Another attempt to squeeze us out was put forth recently by Saeb Erekat, who claimed that, “I am the proud son of the Canaanites who were there 5,500 years before Joshua bin Nun burned down the town of Jericho.”  His intent was to establish that the Palestinian Arabs are the true indigenous people, here long before the Jews.  Never mind that Joshua never burned down Jericho, but merely brought its walls down – his claim is ludicrous.

Alan Baker, Director of the Institute for Contemporary Affairs at the Jerusalem Center for Public Affairs, has set the record straight, and effectively so:

“Saeb Erekat’s family is Bedouin. According to Bedouin genealogy, the family is part of the Huweitat clan which originated in the Hejaz area of Saudi Arabia, arrived in Palestine from the south of Jordan, and settled in the village of Abu Dis in the early twentieth century...
“Erekat, the chief Palestinian negotiator, has already established an international reputation for stretching the truth. Many Israelis recall during Operation Defensive Shield in 2002 when Erekat went on CNN to assert that Israel had killed ‘more than 500 people’ in Jenin in a “real massacre,’ adding that 300 Palestinians were being buried in mass graves. It soon became clear that in combat operations at the time, the Palestinian death toll in Jenin was 52: 34 of whom (65 percent) were known military operatives of Hamas, Islamic Jihad, or Fatah-Tanzim. Now Erekat’s wild assertions have moved into the field of history as part of a Palestinian battle over the narrative of the Israeli-Palestinian conflict.”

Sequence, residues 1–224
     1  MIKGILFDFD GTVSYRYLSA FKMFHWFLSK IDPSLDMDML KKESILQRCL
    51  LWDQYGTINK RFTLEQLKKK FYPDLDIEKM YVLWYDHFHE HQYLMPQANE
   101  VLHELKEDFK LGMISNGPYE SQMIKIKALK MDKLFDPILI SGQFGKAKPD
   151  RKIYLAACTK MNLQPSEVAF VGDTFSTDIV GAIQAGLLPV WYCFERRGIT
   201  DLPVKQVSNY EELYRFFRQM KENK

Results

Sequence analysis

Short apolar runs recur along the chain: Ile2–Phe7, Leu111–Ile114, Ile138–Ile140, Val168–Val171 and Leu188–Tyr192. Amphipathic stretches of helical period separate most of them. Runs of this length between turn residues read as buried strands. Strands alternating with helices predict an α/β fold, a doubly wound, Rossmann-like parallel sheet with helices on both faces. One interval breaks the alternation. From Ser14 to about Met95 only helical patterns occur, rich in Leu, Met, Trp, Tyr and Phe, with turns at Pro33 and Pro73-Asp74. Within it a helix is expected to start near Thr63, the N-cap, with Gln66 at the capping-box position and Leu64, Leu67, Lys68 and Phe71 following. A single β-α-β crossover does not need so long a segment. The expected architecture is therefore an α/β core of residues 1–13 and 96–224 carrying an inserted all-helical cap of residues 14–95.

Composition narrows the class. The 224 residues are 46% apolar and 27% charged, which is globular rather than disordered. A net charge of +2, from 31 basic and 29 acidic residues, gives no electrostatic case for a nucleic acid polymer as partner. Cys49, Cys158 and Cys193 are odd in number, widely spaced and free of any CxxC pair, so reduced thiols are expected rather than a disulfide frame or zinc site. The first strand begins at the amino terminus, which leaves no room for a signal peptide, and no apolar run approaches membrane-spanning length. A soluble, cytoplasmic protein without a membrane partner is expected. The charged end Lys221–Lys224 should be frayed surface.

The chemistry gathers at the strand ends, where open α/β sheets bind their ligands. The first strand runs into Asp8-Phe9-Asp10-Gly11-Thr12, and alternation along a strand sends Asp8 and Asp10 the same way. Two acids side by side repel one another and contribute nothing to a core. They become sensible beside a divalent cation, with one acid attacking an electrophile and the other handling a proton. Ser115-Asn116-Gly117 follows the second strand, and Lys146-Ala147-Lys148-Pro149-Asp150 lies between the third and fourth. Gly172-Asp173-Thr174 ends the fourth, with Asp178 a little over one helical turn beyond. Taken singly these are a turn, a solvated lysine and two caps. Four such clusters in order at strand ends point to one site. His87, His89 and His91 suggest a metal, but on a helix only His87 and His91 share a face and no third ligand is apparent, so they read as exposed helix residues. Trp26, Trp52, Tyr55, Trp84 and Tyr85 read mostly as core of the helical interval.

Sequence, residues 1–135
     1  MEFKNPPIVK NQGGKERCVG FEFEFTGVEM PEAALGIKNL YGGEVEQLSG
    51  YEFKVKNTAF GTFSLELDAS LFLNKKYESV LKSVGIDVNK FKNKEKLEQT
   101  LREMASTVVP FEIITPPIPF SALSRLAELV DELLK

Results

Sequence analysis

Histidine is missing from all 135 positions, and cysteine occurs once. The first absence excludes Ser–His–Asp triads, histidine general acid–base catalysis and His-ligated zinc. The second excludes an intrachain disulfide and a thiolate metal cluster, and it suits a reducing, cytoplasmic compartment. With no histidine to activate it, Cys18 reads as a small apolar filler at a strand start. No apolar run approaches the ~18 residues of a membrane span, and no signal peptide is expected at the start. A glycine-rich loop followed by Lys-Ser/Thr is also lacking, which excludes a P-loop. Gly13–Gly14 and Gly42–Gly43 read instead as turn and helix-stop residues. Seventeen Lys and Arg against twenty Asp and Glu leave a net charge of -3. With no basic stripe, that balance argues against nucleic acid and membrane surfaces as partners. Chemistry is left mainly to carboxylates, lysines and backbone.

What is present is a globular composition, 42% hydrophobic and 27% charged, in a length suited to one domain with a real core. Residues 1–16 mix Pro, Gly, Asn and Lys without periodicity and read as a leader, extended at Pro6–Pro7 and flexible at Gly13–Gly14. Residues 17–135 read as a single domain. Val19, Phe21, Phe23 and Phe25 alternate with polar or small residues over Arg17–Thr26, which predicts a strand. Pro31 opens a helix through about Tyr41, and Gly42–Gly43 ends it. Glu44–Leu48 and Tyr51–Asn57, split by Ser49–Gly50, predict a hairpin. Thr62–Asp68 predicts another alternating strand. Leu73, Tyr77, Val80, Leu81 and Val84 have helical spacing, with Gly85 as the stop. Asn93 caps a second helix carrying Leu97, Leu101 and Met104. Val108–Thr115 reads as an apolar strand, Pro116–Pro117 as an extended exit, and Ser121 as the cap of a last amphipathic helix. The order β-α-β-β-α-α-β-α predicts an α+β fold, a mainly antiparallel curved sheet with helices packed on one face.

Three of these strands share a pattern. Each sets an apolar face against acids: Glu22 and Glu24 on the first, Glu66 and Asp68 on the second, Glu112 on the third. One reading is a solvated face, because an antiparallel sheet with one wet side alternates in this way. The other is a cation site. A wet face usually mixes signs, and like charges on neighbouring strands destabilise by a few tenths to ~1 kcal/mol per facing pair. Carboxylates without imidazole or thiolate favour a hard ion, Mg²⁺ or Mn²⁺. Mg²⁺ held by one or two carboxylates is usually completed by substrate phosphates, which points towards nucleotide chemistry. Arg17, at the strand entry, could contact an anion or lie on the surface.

“Chief  Palestinian negotiator”: go negotiate with people like this.


In the midst of all of this, I want to end on an upbeat note, with Pharrell Williams’ Happy Jerusalem Video. What fun:
© Arlene Kushner. This material is produced by Arlene Kushner, functioning as an independent journalist. Permission is granted for it to be reproduced only with proper attribution. 
If it is reproduced and emphasis is added, the fact that it has been added must be noted.



Posted on Sunday, March 30, 2014 at 12:23PM by Registered CommenterArlene in , , , , | CommentsPost a Comment | EmailEmail | PrintPrint

March 26, 2014: Counting Down

We are almost to that day [March 29th, late at night] when either the final batch of pre-Oslo Arab prisoners will be released, or our government will announce that they are not being released... 
There is a reasonable chance that the latter situation will prevail.  And, in any event, as there is little stomach for this here and no official government commitment to do so, the Israeli Arab terrorists would likely not be among those released.
There was a demonstration outside the prime minister’s residence tonight imploring him not to release terrorists.

Credit: Arutz Sheva